Secretary of State Mike Pompeo is taking time out of his schedule to take part in a fundraising event for the Florida Family Policy Council next weekend for their 15th Anniversary Gala.
The United States’ lead diplomat faces accusations and criticism that he is violating ethical rules by making a domestic, political stop weeks before the Presidential election. Pompeo’s stop is also notable because it is for an organization associated with the SPLC-designated hate group Family Research Council (FRC).
The Florida Family Policy Council is selling invitations for their gala, on October 3 – exactly one month before Election Day – in Orlando. This is an annual event for the Christian non-profit that has previously welcomed conservatives Jeb Bush, Marco Rubio, Ron DeSantis, Ben Carson, and Michelle Bachmann.
The gala, being held at the Rosen Plaza Hotel, offers tickets priced at $10,000 which include “a personal visit with Secretary of State Mike Pompeo.” $3,000 and $5,000 tickets offer a seat at tables near Pompeo, and $500 to enter the VIP area. Guests are not required to wear masks during the dinner and program.
In addition to being “affiliated with” the FRC, the Florida Family Project Council (FFPC) is also associated with conservative groups Focus on the Family and Alliance Defending Freedom. In its own right, the FFPC supports conversion therapy and is led by established anti-LGBTQ advocate John Stemberger, who has extensive ties to Sen. Rubio.
The FFPC website describes their efforts, in part, are to combat “Radical LGBT activists who will not stop until they force all Americans to approve, support and celebrate their lifestyle.”
Family Research Council’s President Tony Perkins interviewed Pompeo just this week for their virtual Values Voter Summit, their latest meeting in their years-long relationship. “Pushing religion out of the public square drives oppression,” the Secretary of State told the hate group leader.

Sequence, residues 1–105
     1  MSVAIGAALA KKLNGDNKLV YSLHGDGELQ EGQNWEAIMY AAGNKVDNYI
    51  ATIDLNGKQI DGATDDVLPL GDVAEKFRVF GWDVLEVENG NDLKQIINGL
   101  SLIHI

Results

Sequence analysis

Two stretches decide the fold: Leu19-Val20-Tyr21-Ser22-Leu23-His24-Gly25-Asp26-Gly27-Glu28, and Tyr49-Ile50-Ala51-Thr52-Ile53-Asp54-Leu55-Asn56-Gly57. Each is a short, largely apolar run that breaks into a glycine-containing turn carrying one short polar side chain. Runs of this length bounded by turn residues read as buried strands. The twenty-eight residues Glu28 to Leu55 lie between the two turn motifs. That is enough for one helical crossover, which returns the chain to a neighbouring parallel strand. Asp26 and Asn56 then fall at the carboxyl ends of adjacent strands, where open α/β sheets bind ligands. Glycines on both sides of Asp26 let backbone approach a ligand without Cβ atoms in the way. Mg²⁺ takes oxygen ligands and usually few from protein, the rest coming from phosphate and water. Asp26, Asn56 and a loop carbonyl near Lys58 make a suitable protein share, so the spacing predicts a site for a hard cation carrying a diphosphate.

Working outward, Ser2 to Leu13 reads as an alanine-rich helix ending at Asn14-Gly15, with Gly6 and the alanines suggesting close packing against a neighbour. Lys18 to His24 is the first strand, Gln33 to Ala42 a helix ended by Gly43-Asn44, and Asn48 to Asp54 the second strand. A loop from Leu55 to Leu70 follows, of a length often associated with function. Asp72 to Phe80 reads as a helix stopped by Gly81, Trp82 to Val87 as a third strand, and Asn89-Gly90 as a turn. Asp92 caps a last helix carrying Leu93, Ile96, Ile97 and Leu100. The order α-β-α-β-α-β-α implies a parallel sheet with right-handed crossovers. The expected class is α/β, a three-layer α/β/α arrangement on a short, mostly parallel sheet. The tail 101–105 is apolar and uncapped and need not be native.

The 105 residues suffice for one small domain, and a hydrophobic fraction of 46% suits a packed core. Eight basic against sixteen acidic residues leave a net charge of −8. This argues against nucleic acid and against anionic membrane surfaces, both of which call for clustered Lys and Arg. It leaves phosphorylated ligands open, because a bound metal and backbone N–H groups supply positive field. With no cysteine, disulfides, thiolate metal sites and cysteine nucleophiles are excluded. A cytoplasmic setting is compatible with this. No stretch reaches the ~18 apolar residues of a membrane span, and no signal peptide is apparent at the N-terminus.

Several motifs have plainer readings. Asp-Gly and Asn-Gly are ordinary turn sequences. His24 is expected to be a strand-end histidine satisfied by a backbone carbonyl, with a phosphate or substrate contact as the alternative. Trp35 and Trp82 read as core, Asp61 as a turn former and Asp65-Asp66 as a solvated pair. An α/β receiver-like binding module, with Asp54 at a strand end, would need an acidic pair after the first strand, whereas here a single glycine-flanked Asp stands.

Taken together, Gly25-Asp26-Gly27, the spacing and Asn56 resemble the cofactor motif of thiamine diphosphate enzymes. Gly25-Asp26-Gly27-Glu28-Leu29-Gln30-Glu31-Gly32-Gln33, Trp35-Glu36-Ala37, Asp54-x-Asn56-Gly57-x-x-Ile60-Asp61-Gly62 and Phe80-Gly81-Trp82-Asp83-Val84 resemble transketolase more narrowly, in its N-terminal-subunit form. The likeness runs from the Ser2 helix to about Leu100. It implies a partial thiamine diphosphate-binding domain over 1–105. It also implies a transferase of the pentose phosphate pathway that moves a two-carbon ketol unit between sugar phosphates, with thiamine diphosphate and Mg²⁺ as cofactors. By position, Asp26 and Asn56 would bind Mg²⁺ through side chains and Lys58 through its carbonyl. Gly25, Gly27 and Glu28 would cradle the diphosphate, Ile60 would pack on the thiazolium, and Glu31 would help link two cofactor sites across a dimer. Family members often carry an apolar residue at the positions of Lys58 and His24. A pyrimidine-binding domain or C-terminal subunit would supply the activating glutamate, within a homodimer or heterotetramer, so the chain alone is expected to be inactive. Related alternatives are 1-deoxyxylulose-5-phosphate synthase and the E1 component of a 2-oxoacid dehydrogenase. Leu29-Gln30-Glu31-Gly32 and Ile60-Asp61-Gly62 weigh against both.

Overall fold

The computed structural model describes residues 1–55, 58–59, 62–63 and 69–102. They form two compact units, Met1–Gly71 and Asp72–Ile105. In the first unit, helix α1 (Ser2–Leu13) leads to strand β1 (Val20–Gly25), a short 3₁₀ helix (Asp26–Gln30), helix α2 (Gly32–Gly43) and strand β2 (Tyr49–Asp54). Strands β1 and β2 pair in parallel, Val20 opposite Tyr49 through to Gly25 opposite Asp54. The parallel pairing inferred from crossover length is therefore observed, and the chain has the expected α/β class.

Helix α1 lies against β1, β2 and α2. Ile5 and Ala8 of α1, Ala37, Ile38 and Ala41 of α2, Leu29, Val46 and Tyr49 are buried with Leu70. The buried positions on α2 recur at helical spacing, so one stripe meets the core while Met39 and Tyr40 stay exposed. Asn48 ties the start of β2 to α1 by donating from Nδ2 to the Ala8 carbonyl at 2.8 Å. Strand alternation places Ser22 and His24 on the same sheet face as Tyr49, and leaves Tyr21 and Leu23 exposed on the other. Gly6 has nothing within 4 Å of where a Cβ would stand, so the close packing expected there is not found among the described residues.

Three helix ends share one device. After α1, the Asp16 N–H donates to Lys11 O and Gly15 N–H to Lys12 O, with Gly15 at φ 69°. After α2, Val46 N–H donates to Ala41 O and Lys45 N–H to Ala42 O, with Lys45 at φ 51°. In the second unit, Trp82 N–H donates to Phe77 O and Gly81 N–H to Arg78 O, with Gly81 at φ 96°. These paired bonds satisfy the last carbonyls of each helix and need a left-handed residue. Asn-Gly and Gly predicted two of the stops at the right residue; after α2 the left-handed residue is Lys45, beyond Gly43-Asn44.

ABC News reports that federal ethic regulations require that employees only make speeches at fundraisers if they are “consistent” with their employer’s mission or work, or they speak solely on their official duties. They also cannot take an active part in soliciting donations for themselves or others.
Many experts believe that this visit will contradict those rules. “I honestly can’t imagine how it could be [proper]…it’s so far afield from the State Department’s function,” Kathleen Clark, Washington University Professor of Law, said. “The ethics regulations that he is violating are the law. He is acting illegally (although these are not ‘crimes’),” Clark added.
The visit can also be construed as using public office for private gain, notes Don Fox, former acting director and general counsel for the US Office of Government Ethics (OGE).
This will be Pompeo’s latest high profile domestic visit and/or speech in the last few months. His speech at the UN in support of religious freedom policies this week, sparked boycotts from several other countries. His speech at the Republican National Convention, which was considered a personal appearance by the Department of State, also raised ethical concerns.
At the convention, a resolution was passed that condemned the Southern Poverty Law Center, claiming it promotes hate by designating hate groups. The FRC has been a SPLC-designated hate group since 2010.
Many lawmakers note that the Secretary of State has held events and visited key electoral states for Donald Trump, making it seem like he is campaigning for the President. Pompeo has been to Iowa, Texas and Wisconsin in the last three months – and now Florida is up next.